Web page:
Bots can fake some of this data, but at least these considerations make for a good starting point. Log analysis does have some limitations. Server cache directives need to be properly configured to insure web server logging occurs even if a page is already in the browser cache.

This isn’t hard, but configuration can lead to under-counting. Theoretically a web sever may serve pages but stop logging, such as if the log is saved to a full disc partition, or if the server suffers from certain overload conditions. As they say, the only true certainties in life are death and taxes.

What Says Facebook About Invalid Clicks/Click Fraud?

Facebook devotes an area of its help center to what it calls Click and Impression Quality. As an aside, searching Google for Facebook and click fraud won’t get you here as we have a classic search engine optimization keyword exercise: advertisers will probably search for click fraud while advertising platforms use invalid clicks. Facebook says:

Although we cannot guarantee that our systems will be absolutely precise, we try, for example, to detect and invalidate the following:
  • Human clicks that don’t indicate a genuine interest in the ad or may be associated with ad testing, like repetitive or accidental clicks, or visits from the Facebook corporate network.
  • Clicks generated through prohibited means, such as bots, scrapers, browser add-ons or other non-human methods.

That may well be the case. The question remains, does their trying to filter invalid clicks match high advertiser expectations, often set by their experience with Google?

Do Facebook Page Name Changes Require A Payment? Essentially Yes.

The start-up cited by Techcrunch, Limited Run, also complained that they cannot change their Facebook Page name without paying Facebook. In my experience, they are essentially right.

Facebook wants to protect its users from a bait-and-switch type of abuse where a user likes a page for Politician X supporters and subsequently finds that a page admin changes the page name to Those to unseat politician Y.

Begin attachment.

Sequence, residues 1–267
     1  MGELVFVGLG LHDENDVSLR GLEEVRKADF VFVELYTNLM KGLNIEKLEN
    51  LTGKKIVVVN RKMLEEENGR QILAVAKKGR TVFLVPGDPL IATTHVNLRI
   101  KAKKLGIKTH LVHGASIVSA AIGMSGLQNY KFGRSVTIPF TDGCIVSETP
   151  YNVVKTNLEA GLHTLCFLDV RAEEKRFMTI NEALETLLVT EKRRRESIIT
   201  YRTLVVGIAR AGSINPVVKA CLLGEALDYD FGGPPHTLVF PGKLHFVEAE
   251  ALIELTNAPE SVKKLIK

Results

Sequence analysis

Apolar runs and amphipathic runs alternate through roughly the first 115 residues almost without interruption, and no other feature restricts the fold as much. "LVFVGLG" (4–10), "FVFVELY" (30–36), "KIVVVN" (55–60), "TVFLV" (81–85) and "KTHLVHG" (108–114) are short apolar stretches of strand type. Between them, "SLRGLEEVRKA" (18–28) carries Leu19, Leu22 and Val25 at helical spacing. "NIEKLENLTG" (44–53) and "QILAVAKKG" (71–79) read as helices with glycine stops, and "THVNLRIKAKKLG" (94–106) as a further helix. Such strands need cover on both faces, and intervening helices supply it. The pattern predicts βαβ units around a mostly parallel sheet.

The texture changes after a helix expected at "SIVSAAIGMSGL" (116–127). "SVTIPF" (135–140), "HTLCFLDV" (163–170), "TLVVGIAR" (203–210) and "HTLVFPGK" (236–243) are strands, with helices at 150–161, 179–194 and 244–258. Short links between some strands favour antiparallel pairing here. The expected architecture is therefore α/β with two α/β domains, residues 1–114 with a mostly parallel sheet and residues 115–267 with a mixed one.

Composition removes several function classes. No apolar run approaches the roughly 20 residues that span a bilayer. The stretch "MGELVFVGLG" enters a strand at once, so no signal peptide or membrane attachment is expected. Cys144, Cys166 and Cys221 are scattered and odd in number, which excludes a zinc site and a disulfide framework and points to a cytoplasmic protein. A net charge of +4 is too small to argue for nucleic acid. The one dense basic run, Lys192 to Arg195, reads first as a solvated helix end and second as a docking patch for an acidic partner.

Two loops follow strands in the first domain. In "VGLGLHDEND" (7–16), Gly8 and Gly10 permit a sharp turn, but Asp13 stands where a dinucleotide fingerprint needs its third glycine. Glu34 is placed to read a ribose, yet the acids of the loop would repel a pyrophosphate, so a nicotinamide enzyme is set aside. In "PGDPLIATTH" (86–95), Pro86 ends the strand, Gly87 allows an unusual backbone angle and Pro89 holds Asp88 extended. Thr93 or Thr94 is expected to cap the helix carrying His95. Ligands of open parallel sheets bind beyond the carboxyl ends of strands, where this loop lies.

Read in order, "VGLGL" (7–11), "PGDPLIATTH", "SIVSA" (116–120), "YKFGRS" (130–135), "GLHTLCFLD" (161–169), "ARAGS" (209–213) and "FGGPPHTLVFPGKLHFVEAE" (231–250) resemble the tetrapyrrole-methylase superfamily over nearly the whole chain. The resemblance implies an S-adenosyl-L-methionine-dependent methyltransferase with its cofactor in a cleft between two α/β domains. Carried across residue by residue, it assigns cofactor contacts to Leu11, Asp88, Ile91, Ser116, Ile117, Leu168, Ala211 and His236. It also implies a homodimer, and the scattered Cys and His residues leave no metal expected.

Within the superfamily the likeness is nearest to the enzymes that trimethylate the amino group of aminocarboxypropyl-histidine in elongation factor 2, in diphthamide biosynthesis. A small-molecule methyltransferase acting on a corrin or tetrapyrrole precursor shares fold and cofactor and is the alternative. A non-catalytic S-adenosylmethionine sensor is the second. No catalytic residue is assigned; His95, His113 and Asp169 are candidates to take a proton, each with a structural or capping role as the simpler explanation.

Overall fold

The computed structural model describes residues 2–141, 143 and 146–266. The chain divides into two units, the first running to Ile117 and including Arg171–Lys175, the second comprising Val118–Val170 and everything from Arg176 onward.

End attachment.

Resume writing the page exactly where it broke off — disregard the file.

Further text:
In the real world companies and products change their names. The Facebook help article on the topic is unhelpful. If your page has accumulated more than 200 fans… you’re out of luck. If you look really hard, you might find a page about contacting Facebook support. The message is clear: Facebook support is self-service.

If you’re still not happy, you can provide a suggestion – but don’t expect a response. To a degree, this is understandable. Support is expensive. Yet what is one to do when Facebook’s self-service system is broken?

I contacted Facebook’s country manager who nicely put me in touch with a Facebook Account Rep. The answer: they only help those who spend significant sums over time.

A year later, I’m still waiting for a page’s name to be fixed. Despite Facebook’s apparent denial, Limited Run is right on this account, at least in my experience.

What Facebook’s help article really should say is that to change a page name the only option is to create a new page then try to convince the old page’s fans to migrate to the new page. You’ll naturally lose a few fans along the way, as will Facebook.

Opinions expressed in the article are those of the guest author and not necessarily Marketing Land.

Related Topics: Channel: Social Media Marketing | Facebook Marketing Column | Facebook: Advertising | Facebook: Marketing | Facebook: Pages | Facebook: Statistics | Statistics: Online Advertising

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About The Author: is President of Antezeta Web Marketing, based in Milan Italy. As a web marketing teacher and consultant, Sean Carlos helps companies optimize their business results online. He is particularly interested in International SEO, Social Media and Web Analytics.




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  • Pat Grady

    AdWords and AdCenter (and nearly every other paid search engine) can see the traffic flows (their own and partners), and see whether that traffic converts – it can then grade it’s traffic based on it’s value.  Through Smart pricing and many other mechanisms, in addition to bad clicks, they can easily see bad aggregate flows.  Meanwhile, FB ditched it’s early conversion tracking platform beta, creating a situation where they have a much harder time grading, and therefore valuing and policing their clickstream data.  The “like” conversion path (that they can see) isn’t a sufficient barrier to be used as a click quality metric – an actual person pulling out their credit card and ordering, is.  FB, conversion tracking wasn’t just for our use.  :-)